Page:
(Pocket-lint) - The Amazon Kindle has only relatively recently made it to the UK, with our US brothers and sisters enjoying the device for some time. As we've been looking at our disconnected ebook readers on this side of the pond and scratching our balding pates, US Kindle owners have been laughing through their macchiatos. We've been living with the Kindle for several months now and here's what we think.
Starting with the basics, the Amazon Kindle Keyboard, or the International Edition, is a 6-inch ebook reader measuring 203.2 x 134.6 x 9.1mm. Like the other devices we've reviewed, it features a 600 x 800 pixel E-Ink display, meaning you get the benefits of long battery life and a natural reading experience that doesn't strain the eyes like a backlit display might.
With the likes of the Apple iPad promising to be all singing and all dancing, the humble ebook reader might look a little bland. True, but they are tools for a task and that task is reading, for which we've always said that E-Ink is a good medium. Page turning requires a refresh of the page and the Amazon Kindle isn't as slow as some, but we've never had a problem with that.
The Kindle itself is well designed and constructed, feeling like a quality device in the hand. The brushed metal back looks and feels great in the hand, although we slapped it straight into a leather cover and have left it there ever since. The white plastic front of the Kindle has a Mac look to it (from a few years ago) with tight fitting buttons.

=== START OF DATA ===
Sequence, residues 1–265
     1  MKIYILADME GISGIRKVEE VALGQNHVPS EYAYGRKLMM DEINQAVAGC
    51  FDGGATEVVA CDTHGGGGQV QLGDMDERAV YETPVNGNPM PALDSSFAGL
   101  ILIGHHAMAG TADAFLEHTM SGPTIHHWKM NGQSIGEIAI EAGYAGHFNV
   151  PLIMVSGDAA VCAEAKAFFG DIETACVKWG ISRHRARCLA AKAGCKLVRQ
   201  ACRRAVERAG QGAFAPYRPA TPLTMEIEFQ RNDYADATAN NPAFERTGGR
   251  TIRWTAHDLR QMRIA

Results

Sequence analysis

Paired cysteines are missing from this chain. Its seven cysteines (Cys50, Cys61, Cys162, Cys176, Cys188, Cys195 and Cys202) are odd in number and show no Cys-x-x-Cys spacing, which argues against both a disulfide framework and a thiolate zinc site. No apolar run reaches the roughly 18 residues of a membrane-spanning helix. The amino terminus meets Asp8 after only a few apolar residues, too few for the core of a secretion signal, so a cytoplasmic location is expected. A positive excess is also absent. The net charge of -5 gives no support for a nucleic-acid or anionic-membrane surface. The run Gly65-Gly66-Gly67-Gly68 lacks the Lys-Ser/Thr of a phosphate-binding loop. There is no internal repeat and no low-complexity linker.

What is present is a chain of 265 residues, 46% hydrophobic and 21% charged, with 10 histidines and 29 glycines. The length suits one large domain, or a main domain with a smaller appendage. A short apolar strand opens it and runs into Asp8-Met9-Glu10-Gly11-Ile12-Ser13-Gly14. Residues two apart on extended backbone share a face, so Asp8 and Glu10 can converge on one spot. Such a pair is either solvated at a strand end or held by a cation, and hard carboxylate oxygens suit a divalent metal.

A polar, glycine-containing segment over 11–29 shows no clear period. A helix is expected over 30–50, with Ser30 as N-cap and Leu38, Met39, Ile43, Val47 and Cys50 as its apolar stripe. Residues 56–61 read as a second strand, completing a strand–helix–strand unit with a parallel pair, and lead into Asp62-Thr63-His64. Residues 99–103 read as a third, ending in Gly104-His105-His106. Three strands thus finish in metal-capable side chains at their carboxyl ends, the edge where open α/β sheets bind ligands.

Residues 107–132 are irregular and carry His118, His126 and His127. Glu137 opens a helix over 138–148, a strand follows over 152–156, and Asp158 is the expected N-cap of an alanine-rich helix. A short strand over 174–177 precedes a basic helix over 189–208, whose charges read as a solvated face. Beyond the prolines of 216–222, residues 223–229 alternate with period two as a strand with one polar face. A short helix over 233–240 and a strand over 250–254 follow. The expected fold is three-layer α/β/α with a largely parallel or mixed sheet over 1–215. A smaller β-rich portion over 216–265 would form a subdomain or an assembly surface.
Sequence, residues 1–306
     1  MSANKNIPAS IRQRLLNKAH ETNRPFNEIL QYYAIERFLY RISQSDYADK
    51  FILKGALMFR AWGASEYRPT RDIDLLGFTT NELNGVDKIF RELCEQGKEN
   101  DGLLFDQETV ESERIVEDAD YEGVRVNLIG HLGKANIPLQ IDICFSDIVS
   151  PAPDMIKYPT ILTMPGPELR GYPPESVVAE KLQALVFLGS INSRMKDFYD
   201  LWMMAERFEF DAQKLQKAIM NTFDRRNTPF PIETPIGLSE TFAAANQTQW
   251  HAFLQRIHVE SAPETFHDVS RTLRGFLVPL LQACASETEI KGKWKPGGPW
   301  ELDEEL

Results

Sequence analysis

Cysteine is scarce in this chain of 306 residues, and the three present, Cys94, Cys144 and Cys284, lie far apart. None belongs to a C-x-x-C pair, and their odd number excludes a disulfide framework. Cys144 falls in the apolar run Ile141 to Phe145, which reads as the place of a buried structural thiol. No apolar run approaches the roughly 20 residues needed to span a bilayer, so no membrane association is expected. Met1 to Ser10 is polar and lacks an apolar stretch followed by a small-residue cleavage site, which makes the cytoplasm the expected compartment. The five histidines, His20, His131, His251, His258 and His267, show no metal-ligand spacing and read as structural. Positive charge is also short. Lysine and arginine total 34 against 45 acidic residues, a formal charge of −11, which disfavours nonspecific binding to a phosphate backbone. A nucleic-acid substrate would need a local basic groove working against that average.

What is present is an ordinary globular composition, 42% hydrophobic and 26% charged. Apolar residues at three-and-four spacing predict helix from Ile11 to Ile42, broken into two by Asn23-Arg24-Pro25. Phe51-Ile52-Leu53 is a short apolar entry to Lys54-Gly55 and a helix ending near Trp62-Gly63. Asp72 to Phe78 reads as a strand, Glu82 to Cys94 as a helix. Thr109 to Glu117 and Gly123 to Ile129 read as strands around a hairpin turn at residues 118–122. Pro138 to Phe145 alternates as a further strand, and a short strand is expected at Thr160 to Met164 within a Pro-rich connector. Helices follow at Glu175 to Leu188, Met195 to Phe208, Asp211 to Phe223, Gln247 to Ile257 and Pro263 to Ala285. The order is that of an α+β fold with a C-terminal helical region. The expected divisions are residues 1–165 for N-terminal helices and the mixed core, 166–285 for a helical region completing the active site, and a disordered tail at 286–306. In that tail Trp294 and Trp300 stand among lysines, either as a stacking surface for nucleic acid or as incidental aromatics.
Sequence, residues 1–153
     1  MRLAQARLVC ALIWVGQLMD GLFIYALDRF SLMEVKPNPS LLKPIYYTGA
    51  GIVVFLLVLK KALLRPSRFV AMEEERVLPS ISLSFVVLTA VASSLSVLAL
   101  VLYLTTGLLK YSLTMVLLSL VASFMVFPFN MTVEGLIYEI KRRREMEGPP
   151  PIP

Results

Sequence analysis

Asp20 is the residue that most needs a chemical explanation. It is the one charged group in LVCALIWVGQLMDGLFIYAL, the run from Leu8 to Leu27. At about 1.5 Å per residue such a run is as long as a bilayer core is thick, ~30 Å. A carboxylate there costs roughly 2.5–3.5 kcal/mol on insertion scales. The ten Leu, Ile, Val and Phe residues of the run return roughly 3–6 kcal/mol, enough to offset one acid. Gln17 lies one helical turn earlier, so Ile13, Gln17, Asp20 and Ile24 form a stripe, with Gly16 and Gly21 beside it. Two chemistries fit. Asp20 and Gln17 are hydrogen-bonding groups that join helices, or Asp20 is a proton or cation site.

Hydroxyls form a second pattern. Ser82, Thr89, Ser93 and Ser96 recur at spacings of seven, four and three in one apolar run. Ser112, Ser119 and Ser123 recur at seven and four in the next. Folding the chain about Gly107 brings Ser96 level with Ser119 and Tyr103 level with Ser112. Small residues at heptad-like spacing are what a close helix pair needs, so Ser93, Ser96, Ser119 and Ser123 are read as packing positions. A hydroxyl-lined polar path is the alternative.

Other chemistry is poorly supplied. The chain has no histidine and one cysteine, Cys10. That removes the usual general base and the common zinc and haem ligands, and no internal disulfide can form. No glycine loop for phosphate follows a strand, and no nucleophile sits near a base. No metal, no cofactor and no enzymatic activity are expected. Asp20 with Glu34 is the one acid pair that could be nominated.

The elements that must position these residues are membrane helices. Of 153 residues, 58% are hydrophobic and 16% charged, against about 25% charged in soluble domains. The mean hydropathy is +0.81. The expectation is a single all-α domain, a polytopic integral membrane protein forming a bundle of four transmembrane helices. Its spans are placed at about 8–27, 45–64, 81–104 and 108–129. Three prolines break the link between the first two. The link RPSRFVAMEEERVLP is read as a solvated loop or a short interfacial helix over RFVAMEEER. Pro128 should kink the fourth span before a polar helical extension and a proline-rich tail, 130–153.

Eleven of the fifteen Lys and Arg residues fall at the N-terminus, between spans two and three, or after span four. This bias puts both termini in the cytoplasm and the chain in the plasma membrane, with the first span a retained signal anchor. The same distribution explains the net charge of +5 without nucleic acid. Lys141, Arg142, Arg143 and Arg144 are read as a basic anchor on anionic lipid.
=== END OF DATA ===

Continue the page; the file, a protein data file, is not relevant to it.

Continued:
Down the left-hand edge of the Kindle bezel you get page turning buttons Prev Page and Next Page, whilst on the right-hand edge you get Home, Next Page, Menu, Back and a small clickable joystick, which can be a little fiddly to use. Across the bottom is a QWERTY keyboard, including the likes of numbers, symbols and so on.
In terms of connections, you'll find a Micro-USB on the bottom and a 3.5mm jack on the top, next to the power switch. A volume rocker resides on the right-hand side should you be using your Kindle to listen to MP3 music. There are also speakers on the back of the Kindle, so you can listen out loud, which might be fine for podcasts, but not for music.
The real story, however, is the wireless connection that the Kindle gives you to Amazon's store. Amazon call this Whispernet, which sounds like some sort of gossip super highway. It then syncs content via a process called Whispersync. Essentially this is an embedded 3G connection which comes as part of the device, with the costs rolled into the price you pay for the Kindle.
Your Kindle is very little without the accompanying account on Amazon, and UK users will find they are diverted over to Amazon.com when it comes to researching and buying the device. You'll find thereafter that your Kindle has an American bent: you'll be buying in dollars and you'll find that you are offered magazines and papers that are predominantly from the US or have a heavy international feel, so you can't get the Surrey Comet.